The lack of toilet facilities meant the centre was unable to rent the halls to the people and organisations that had used them before the lockdown, and a lack of funds made the necessary repairs impossible.
The lease is signed and repairs begin
When the Western Cape approached its Covid-19 peak, the BH-JPF CAN began to look for a venue to host a community care centre, which would have been a volunteer-run facility to give residents of Bonteheuwel a safe space to isolate without leaving their community.
According to Nadia Mayman de Grass, the BH-JPF CAN’s media liaison, they attempted to find appropriate premises such as crèches and churches to host the community care centre but were unsuccessful. Finally, when they approached the Bonteheuwel multipurpose centre’s facility manager, February, they saw an opportunity to add value to their community that would extend past the pandemic.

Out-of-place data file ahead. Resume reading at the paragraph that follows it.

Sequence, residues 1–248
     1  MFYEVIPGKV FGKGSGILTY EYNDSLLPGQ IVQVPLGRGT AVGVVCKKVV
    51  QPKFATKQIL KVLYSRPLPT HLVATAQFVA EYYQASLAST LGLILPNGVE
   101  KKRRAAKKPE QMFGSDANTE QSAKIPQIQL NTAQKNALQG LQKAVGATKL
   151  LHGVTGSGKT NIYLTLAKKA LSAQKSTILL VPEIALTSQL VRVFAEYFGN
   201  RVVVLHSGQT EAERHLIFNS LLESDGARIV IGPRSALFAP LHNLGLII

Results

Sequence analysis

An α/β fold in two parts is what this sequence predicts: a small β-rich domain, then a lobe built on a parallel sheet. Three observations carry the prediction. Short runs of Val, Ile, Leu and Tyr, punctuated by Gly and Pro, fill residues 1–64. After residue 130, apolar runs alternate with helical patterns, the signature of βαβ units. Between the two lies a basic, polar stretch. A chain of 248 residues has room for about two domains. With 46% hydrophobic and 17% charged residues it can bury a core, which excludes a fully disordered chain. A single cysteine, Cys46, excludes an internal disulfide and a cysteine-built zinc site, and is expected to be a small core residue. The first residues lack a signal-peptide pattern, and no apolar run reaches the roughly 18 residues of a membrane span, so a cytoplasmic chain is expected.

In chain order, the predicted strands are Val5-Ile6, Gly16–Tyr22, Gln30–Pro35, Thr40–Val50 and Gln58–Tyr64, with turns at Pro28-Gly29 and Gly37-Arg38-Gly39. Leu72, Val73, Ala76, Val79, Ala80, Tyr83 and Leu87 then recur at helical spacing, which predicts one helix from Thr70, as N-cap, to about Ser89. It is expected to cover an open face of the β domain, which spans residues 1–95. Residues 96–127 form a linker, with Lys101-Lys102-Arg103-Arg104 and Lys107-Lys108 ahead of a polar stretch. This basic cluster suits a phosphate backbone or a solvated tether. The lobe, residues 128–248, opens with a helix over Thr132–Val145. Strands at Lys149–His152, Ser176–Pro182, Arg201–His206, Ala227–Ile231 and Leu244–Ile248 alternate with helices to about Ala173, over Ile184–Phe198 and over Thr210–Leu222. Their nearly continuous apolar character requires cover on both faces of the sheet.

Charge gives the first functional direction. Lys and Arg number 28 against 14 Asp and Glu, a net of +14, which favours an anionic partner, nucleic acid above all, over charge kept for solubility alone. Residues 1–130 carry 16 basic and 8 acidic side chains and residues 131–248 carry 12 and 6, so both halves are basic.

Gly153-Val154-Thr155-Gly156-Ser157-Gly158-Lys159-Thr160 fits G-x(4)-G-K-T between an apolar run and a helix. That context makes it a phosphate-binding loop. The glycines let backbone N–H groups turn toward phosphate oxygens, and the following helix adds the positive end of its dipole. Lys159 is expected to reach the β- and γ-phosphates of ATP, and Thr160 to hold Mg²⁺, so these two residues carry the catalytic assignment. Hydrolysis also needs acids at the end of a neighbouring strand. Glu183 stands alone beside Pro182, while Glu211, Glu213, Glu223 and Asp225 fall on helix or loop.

The BH-JPF CAN signed an 18-month lease agreement with the MPC. They planned to operate the community care centre while it was needed, during which time they would use both halls in the MPC, one for men and the other for women. During the time that the community care centre was operational, other organisations would not have been able to use the halls, but the BH-JPF CAN and their supporters felt that the need for safe, community-based isolation in the face of the pandemic justified the exclusive use of the halls.
According to De Grass, once the need for a Covid-19 isolation centre had passed, they would continue to use the space for the duration of their lease to run community projects, but their use would no longer be exclusive – other organisations would also be able to use the space.